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While many fear the nation-state or single basement hacker working their way into a health system, it turns out that one of the greatest healthcare security threats comes from users within an organization.
John Nye, vice president of cybersecurity strategy at CynergisTek, a health IT consulting firm based in Mission Viejo, Calif., talks about effective tools healthcare organizations can use to defend against insider healthcare security threats and make sure users aren't putting the organization at risk, intentionally or unintentionally.
Data loss prevention and file integrity monitoring
Nye said that data loss prevention (DLP) and file integrity monitoring (FIM) technologies often go hand in hand. He added that many of the products that incorporate these technologies will include both DLP and FIM and the user can choose whether to use both, or one or the other.
John Nyevice president of cybersecurity strategy, CynergisTek
"Data loss prevention is a system that scans all outgoing traffic, particularly emails, looking for any kind of sensitive data. So it would look for anything that might appear like a patient's record," he said. "And if they compare that to something like a whitelist of allowed recipients and ensure that it's not going to somebody's personal Gmail or somebody in Russia."
FIM, on the other hand, monitors who accesses files and what alterations, if any, have been made to the files.
"It'll make sure that a file doesn't change, doesn't move from where it's supposed to be," Nye said. "It's a way of tagging where a file is and how a file should look."
Should someone access this file and make changes to it, the FIM system will alert the organization or deny access until that access has been approved.
Use privilege freezers
Privilege freezers are a technical solution that allows the least possible amount of access and helps make sure only the appropriate people access certain files, systems or networks.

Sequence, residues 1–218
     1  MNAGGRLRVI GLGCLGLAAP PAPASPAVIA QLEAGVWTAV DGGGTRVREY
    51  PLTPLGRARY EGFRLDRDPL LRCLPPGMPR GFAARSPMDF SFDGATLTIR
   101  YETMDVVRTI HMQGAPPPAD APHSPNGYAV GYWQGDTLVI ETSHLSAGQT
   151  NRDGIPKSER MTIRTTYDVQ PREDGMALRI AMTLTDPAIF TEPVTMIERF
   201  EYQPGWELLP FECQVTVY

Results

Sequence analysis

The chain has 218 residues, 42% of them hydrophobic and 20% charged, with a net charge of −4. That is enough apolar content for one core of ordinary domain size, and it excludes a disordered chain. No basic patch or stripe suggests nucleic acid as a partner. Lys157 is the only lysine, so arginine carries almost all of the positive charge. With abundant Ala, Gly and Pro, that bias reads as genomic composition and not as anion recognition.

"A user has access to, you know, various parts of the networking ... maybe to HR or maybe ... specific systems in the network, and it should be regularly reviewed because the longer a user stays around the more likely they have access to things they don't need," Nye said. "And it's not that we shouldn't trust our users, it's that we shouldn't be giving them access they don't need."
Nye added that a user may have access to a system that they never use. However, even though they may not be using it, someone else could capitalize on that access undetected.
Conduct phishing exercises
Phishing exercises, Nye said, can help make users more aware of potential healthcare security threats. For example, he said, when CynergisTek works with healthcare organizations the company sets up a phishing exercise where a certain percentage of people at the organization will receive a fake email. He added that initially the phishing emails are unsophisticated and then as time goes on they become more and more sophisticated.
"We do see significant improvement in user awareness," Nye said. "Not only will we see an increase in people not clicking them, we'll see an increase in people reporting these phishing emails, which I think is hugely advantageous to the organization because they can remove all of those from everyone else's inbox before anybody else clicks on it. And that makes a big difference."
Use safe links technology
Nye also advocates using safe links technology, which determines whether a link in an email is safe or not and either allows the content to be displayed if it is safe or blocks the content if it is not.
Office 365, for example, uses this technology.
"The Office 365 server ... will set up a proxy or a system in the middle so when you click on the link you're not actually going to that main link," Nye said. "It goes through this server ...that acts as a filter."
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